By denying an American presence in Laos, the historical record has been misconstrued, beyond the operational aspects that affected the outcome of the war. In the recent Ken Burns and Lynn Novick documentary, episode 2 (1961-1963) states that “Kennedy sent the Green Berets to the Central Highlands of Vietnam to organize mountain tribes to fight the Viet Cong to undertake covert [emphasis added] missions to sabotage their supply bases in Laos and Cambodia,” as though this was an illegitimate action undertaken by the U.S. Ken Burns accepts the presence of Communist sanctuaries in those countries without questioning the self-imposed restraints by the U.S. Later, in discussing the failed ARVN Operation Lam Son 719 in Episode 9 (May 1970-March 1973), he points out that “by the end of 1970, both houses of Congress had barred all U.S. ground personnel, even advisors, and special forces, from crossing the border,” but he fails to chastise Congress for its one-sided proscription.
In the time frame of the Vietnam War, it may have been useful to designate operations as being “deep within enemy-held territory,” under a flawed diplomatic policy. But in the context of history written post-war, that terminology is not only inappropriate, but it perpetuates misperceptions that color the public understanding of that history. It might be useful to find out who and why this terminology was used in Mike Rose’s award citation, but it would be even more useful to correct the record. No one was shy about talking about Laos in the award ceremony, only in the award itself.
Stephen Sherman served with 5th Special Forces Group (ABN) in Vietnam. He is presently the editor of a series of books on the Second Indochina War and a principal contributor to a website devoted to correcting the Burns/PBS documentary of the Vietnam War, which can be found at http://wiki.vvfh.org
An interview with Stephen Sherman can be found at https://www.sofmag.com/special-forces-and-special-operations-activities-in-southeast-asia-from-1954-1976/
When it comes to submarine action during World War II, there are a number of standouts, and among them is the submarine USS Barb (SS 220). But what makes Barb unique? No other submarine can boast a train on its battle flag.
There can’t be a story about USS Barb without mentioning one of the submarine’s main characters: commanding officer Lt. Cmdr. Eugene B. Fluckey. The Washington, D.C.-native was to Barb as chocolate is to peanut butter.
While there are many fascinating tales about Barb during World War II, this one, in particular, is during the sub’s 12th and final war patrol that began in June 1945. The sub, crew and her skipper were still basking in the glow of Barb’s 11th war patrol that earned Fluckey the Medal of Honor and the Presidential Unit Citation for the crew of the submarine. He had previously earned four Navy Crosses.
But Fluckey wasn’t about to rest on his or the sub’s laurels after bargaining a fifth war patrol from Adm. Charles A. Lockwood, Commanding Officer of Submarine Force Pacific Fleet. The Gato-class, diesel-powered submarine was soon sinking Japanese supply transports off the northern coast of Japan in the Sea of Okhotsk. The submarine also fired the first sub-launched ballistic missiles onto Japanese soil, thanks to a request by Fluckey to add that weapon system during the submarine’s overhaul.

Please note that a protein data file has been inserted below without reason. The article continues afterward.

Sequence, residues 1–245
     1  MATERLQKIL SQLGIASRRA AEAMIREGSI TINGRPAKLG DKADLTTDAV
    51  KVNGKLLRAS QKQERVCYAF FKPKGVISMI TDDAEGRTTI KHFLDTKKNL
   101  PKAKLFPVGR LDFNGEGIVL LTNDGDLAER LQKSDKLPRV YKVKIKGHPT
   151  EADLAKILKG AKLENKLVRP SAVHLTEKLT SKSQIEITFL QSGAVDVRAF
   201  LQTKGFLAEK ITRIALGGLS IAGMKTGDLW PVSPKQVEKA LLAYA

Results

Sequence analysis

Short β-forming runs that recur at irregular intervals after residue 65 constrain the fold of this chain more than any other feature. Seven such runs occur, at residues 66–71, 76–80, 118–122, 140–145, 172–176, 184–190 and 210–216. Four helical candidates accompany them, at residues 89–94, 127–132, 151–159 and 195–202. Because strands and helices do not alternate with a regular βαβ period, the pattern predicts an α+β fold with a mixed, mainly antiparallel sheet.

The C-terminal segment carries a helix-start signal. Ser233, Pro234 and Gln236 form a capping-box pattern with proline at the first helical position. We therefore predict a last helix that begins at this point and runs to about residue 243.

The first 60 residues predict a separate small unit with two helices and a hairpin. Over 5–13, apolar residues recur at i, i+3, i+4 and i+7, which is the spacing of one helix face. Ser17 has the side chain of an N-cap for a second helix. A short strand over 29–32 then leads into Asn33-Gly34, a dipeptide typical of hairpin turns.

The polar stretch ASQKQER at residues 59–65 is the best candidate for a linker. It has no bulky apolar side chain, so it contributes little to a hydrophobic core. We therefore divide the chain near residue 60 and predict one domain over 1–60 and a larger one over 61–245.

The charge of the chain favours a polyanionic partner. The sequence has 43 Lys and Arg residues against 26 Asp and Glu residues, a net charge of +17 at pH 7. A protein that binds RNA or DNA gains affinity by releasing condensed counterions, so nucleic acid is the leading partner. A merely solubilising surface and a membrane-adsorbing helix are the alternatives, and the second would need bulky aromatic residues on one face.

Fluckey had observed trains bringing supplies and materials to enemy ships on the northern Japanese island of Karafuto. They were already successful in stopping supplies getting to the fleet by transport ships. Why not keep the supplies from even getting to the transport ships, he thought.
The crew began to ponder how to take out the train. Placing charges under the tracks and detonating them as the train went by was too dangerous, Fluckey determined, because it put the shore crew at risk.
But Barb’s crew had taken to heart Fluckey’s mantra: If there is a problem, find the solution.
According to Fluckey’s book “Thunder Below!” Engineman 3rd Class Billy Hatfield offered that solution. The Ohio native recalled as a young boy placing nuts between the railroad ties. When the rails sagged as the trains rolled over them, the shells cracked. They could devise a micro-switch, tie it between two ties and the train would detonate its own bomb, just like cracking shells on a nut. Hatfield asked to lead the shore party.
There was no shortage of volunteers, including a Japanese POW onboard the Barb, Fluckey recalled in his book. First, they had to meet Fluckey’s criteria: The remaining seven volunteers had to be unmarried, a fair mix of regular Navy and reserve, represent all departments, and at least half were former Boy Scouts. Why Boy Scouts? As a former Scout, Fluckey knew they had been trained for medical emergencies and what to do if they got lost.
Four days later, the weather provided enough cloud cover to darken the moon and Barb inched to within 950 yards of the shore.
At just after midnight on July 23, 1945, Fluckey’s commandoes slipped into their small boats. Fluckey advised the crew what to do if things went wrong, according to a passage in his book: “Boys, if you get stuck, head for Siberia, 130 miles north, following the mountain ranges. Good luck.”
Less than a half-hour later, Navy Sailors were the first American combatants to set foot on one of Japan’s homeland islands:
Chief Gunners Mate Paul G. Saunders, USN
Engineman 3rd Class Billy Hatfield, USNR
Signalman 2nd Class Francis Neal Sever, USNR
Ship’s Cook 1st Class Lawrence W. Newland, USN
Torpedoman’s Mate 3rd Class Edward W. Klingesmith, USNR
Motor Machinist’s Mate 2nd Class James E. Richard, USN